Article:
Currently on view at the Guggenheim is Carrie Mae Weems: Three Decades of Photography and Video, a mid-career retrospective of the artist's work featuring over 200 pieces that explore race, gender, class, identity, and social relations.
Born in Portland, Oregon in 1953, Weems, a 2013 MacArthur Foundation Fellow, is the first African-American woman artist to have a retrospective at the Guggenheim. Some highlights of the exhibition include one of her first major photographic series, Family Pictures and Stories (1978 - 1984), which documents the artist's family in intimate, black and white portraits. The powerful From Here I Saw What Happened And Cried (1995 - 1996) features enlarged, found historical images (mostly of African-born slaves) tinted in red and overlaid with new text to comment on some of the bigoted beliefs and attitudes directed toward African Americans in the 19th and 20th centuries.
Weems' epic Kitchen Table Series (1990) combines text and beautiful, stark photographs shot in the artist's kitchen and lit by a single pendant lamp. Starring Weems herself, the series tells of her protagonist's - an everywoman's, experiences with "the blossoming and loss of love, the responsibilities of motherhood, and the desire to be an engaged member of her community." The artist's words, displayed in several text panels, are perfectly illustrated through her evocative photographs.
Since the Guggenheim does not allow any photography, you can view Weems' work at the artist's website carriemaeweems.net. Learn more guggenheim.org. Through May 14th.
Running concurrently with the Guggenheim retrospective is Weems' The Museum Series at the Studio Museum Harlem. A black and white photographic series Weems started in 2006, each image features the artist wearing a long black dress, standing before a major art or cultural institution with her back toward the camera/viewer. Taken in front of museums all around the world, including the Guggenheim Bilbao, The Museum of Fine Arts Boston, the Tate Modern, The Louvre, the Pergamon Museum, the artist appears like a mysterious apparition facing up to the impenetrable institutions. The series comments on the "collecting and exhibiting practices of these sites" as well as the artist's relationship with such institutions based on her race and gender. Learn more at studiomuseum.org. See my pics of The Museum Series below. Through June 29th.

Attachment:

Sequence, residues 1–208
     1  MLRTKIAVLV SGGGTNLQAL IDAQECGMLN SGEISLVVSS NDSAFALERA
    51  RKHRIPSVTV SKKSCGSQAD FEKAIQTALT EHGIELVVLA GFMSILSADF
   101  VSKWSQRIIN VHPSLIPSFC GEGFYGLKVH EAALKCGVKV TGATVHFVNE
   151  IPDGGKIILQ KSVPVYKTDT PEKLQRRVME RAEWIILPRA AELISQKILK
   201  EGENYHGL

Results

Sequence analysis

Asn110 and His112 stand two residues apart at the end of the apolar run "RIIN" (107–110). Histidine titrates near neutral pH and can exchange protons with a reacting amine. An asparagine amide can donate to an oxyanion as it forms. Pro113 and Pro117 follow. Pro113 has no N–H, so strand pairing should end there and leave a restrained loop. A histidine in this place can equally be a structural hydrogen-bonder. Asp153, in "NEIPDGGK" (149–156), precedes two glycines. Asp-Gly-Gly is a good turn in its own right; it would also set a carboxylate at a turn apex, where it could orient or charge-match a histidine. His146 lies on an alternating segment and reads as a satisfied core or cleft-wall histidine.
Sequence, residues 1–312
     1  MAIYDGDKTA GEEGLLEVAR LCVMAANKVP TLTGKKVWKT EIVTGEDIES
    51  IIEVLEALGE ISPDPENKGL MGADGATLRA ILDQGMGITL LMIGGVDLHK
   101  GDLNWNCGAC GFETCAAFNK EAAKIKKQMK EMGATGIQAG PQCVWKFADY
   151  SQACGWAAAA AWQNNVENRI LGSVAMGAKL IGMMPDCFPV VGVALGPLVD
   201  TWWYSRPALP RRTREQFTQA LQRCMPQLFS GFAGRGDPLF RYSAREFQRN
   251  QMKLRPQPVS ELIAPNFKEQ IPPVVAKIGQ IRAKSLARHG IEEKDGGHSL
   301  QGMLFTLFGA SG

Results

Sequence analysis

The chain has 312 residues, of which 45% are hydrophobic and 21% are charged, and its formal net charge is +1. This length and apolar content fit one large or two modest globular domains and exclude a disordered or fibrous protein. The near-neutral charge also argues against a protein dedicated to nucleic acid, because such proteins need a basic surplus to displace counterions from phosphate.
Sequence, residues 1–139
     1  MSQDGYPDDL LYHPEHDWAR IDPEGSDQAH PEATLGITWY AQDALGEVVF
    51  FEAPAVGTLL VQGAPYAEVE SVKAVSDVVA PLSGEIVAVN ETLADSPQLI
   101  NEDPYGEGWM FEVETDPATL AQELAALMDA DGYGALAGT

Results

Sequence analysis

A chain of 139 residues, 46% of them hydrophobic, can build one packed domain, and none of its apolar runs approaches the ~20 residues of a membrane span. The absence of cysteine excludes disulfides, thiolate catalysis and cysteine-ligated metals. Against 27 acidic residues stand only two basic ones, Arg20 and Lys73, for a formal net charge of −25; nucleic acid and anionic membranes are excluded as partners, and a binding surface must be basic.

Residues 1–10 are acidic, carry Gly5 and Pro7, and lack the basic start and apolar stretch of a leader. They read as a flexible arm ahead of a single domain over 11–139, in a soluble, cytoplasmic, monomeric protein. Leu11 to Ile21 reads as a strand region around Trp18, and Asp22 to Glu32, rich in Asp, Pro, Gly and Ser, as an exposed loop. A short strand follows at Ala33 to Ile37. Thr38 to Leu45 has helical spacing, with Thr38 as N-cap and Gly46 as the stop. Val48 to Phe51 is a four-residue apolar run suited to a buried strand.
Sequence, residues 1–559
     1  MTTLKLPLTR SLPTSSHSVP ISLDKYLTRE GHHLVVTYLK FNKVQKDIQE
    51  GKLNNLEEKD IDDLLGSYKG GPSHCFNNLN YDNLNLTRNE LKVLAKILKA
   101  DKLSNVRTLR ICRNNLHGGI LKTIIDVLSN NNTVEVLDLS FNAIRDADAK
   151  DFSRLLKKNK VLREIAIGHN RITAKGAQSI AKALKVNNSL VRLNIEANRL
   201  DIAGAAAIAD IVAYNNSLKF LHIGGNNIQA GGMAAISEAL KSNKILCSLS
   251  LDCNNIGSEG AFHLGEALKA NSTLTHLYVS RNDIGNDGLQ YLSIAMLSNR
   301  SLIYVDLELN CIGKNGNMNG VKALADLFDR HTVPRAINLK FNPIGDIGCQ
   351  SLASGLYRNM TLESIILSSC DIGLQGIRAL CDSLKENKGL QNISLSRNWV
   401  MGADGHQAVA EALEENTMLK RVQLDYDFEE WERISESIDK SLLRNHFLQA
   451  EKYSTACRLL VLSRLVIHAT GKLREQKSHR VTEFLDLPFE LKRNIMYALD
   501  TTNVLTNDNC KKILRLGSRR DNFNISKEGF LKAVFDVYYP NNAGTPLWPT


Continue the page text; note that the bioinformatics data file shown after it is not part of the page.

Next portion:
Guggenheim Bilbao, 2006 - present
Project Row Houses (Houston, Texas), 2006 - present
Philadelphia Museum of Art, 2006 - present
The Tate Modern, 2006 - present
British Museum, 2006 - present
Zwinger Palace, 2006 - present
The Louvre, 2006 - present